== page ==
Charlie Sheen's HIV disclosure reflects lingering stigma

Actor Charlie Sheen's announcement that he's been HIV positive for four years could help to clear up some public misconceptions and stigma, experts say.

Diagnosis led to 'temporary yet abysmal descent into profound substance abuse and fathomless drinking'

Charlie Sheen's HIV declaration

Arts and Entertainment

5 years agoVideo
Actor tells the world he's HIV-positive after spending millions to keep it secret 1:34

Actor Charlie Sheen's announcement that he's been HIV positive for four years could help to clear up some public misconceptions and stigma, experts say.

The star of Two and a Half Men and Anger Management is one of about 1.2 million people in the United States, 71,300 in Canada and 35 million globally estimated to be living with HIV.

About 25 per cent of them were not aware of their infection, because of a lack of testing or diagnosis, according to the Public Health Agency of Canada's website.

Sheen's doctor, Robert Huizenga, appeared with the actor on the Today show Tuesday and said Sheen "does not have AIDS." Huizenga said later in an open letter released by the actor that Sheen was taking four antiretroviral drugs and that his HIV viral load was now "consistently undetectable."

Says he always uses condoms

When Sheen was asked whether he'd transmitted HIV to anyone, he said it was "impossible," adding that he had "always led with condoms and honesty when it came to my condition."

An undetectable viral load means the amount of HIV particles in the blood is below the level that can be detected by laboratory tests.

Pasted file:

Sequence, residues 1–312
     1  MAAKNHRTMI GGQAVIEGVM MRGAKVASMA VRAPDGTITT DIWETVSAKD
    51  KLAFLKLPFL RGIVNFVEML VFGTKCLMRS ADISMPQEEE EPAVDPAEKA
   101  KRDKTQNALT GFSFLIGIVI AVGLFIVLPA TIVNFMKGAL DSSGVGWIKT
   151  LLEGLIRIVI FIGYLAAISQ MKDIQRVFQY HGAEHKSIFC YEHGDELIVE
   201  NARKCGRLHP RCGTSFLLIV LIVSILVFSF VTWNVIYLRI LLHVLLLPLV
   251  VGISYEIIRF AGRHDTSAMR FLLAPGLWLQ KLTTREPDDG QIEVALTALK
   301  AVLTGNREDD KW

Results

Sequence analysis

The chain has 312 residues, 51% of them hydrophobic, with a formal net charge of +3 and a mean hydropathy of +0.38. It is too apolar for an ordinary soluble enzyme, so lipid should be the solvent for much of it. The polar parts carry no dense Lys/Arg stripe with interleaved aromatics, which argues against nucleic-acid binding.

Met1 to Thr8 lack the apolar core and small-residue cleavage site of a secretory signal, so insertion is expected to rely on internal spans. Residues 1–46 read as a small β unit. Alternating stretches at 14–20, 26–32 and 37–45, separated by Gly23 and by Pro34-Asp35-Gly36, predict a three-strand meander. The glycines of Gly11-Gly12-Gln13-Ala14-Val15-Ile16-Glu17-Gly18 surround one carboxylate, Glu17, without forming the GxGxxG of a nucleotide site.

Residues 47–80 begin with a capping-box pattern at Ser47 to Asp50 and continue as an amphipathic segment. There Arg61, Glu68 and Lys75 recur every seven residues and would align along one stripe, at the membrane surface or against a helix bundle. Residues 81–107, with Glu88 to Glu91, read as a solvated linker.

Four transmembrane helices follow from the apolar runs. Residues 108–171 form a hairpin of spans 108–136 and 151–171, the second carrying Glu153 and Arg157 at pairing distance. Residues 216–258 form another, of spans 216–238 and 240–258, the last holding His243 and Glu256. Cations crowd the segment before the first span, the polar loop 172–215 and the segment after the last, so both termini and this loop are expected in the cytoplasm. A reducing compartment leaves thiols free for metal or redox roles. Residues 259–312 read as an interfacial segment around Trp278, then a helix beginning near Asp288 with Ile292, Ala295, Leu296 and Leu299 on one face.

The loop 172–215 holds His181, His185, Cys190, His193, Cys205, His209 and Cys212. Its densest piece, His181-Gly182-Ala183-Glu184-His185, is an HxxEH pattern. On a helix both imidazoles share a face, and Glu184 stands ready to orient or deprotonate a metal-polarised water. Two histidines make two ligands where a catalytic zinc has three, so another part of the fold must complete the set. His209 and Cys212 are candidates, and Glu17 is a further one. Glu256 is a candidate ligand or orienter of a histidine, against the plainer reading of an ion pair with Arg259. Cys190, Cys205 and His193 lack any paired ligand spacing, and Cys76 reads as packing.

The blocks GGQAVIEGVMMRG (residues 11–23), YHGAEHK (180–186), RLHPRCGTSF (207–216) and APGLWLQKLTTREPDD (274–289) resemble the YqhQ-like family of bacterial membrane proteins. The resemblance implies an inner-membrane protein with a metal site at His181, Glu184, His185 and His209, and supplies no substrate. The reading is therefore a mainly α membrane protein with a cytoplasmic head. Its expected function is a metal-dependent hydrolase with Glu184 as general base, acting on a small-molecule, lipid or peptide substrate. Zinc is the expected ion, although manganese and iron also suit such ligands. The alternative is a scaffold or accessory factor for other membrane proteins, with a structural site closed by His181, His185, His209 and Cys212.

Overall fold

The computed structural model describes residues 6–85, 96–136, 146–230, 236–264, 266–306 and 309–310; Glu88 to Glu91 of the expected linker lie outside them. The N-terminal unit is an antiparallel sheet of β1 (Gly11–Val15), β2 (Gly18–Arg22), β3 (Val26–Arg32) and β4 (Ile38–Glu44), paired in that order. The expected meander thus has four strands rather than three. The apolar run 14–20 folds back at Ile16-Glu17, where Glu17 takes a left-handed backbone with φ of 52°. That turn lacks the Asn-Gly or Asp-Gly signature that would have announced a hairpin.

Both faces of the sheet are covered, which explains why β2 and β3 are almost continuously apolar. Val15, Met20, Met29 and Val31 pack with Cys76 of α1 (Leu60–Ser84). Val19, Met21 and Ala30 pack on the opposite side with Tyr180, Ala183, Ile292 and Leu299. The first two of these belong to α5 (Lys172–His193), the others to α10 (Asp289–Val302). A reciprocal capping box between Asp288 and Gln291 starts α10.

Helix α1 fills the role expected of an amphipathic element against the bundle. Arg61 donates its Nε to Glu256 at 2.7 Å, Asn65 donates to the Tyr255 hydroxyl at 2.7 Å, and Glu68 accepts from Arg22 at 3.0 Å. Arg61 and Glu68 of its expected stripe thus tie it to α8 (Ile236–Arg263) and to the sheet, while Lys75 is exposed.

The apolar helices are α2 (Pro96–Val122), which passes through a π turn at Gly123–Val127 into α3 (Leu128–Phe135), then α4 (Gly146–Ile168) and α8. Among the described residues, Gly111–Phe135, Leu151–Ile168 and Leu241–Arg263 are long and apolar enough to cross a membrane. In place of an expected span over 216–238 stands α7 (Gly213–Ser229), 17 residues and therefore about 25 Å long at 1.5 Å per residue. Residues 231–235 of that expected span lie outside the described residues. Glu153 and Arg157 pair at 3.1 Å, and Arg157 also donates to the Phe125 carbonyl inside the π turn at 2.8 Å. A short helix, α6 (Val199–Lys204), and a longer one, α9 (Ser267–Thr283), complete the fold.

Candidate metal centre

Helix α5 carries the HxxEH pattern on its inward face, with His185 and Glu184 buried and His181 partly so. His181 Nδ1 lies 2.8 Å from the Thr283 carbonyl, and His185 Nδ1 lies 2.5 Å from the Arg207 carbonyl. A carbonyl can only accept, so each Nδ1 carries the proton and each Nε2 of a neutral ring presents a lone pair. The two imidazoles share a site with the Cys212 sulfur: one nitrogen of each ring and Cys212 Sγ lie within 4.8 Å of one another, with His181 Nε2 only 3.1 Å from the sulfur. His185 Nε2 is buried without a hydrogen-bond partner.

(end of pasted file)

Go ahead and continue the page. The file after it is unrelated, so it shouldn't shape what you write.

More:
While it's unlikely to pass on HIV when the viral load is undetectable and protection is used, doctors say a small risk remains.

Sheen also released a statement on how the secrecy opened him up to extortion.

"The personal disbelief, karmic confusion, shame and anger led to a temporary yet abysmal descent into profound substance abuse and fathomless drinking. It was a suicide run. Problem was, I'd forgotten that I'm too tough for such a cowardly departure. Yet, despite this loathsome and horrific odyssey, I was vigilant with my anti-viral program," Sheen wrote in part.

With the introduction of antiretroviral medication for HIV, people with HIV/AIDS in high-income countries can expect to live a normal lifespan.

Sheen said he wants to use the opportunity to help others. "My partying days are behind me. My philanthropic days are ahead of me."

Huizenga said his biggest concern with Sheen is "substance abuse and depression from the disease," not HIV shortening his life.

'Bigotry and hatred'

Dr. Philip Berger, the medical director at the Inner City Health Program at St. Michael's Hospital in Toronto, started treating people infected with HIV more than 30 years ago. Berger hopes Sheen's story might help with the lingering stigma.  

"Having HIV is not yet free of bigotry and hatred by other people, even though it is much, much less than 30 years ago when Rock Hudson first declared his HIV status," Berger said.

David Stempowski, who is with the Toronto People With AIDS Foundation, was diagnosed with HIV in 2011. It took him six months to tell those close to him. Stempowski takes antiretrovirals and his viral load is considered undetectable.

Stempowski is also the acting chair for the Canadian AIDS Society in Toronto, where he works to end stigma and discrimination against HIV and AIDS.

Stempowski said it must have been "hell" for Sheen trying to keep his status a secret. He respects Sheen for disclosing his status publicly now, given that his career was based on upholding an image.

"He had a certain persona to live up to. I mean he was the highest-paid actor on TV at one point," said Stempowski. "He's a straight guy … I mean who was the last straight guy that's come out as HIV positive? Magic Johnson?"

Fear of being judged both in the workplace and by potential partners continues to exist, he said. 

With files from CBC's Vik Adhopia and The Associated Press


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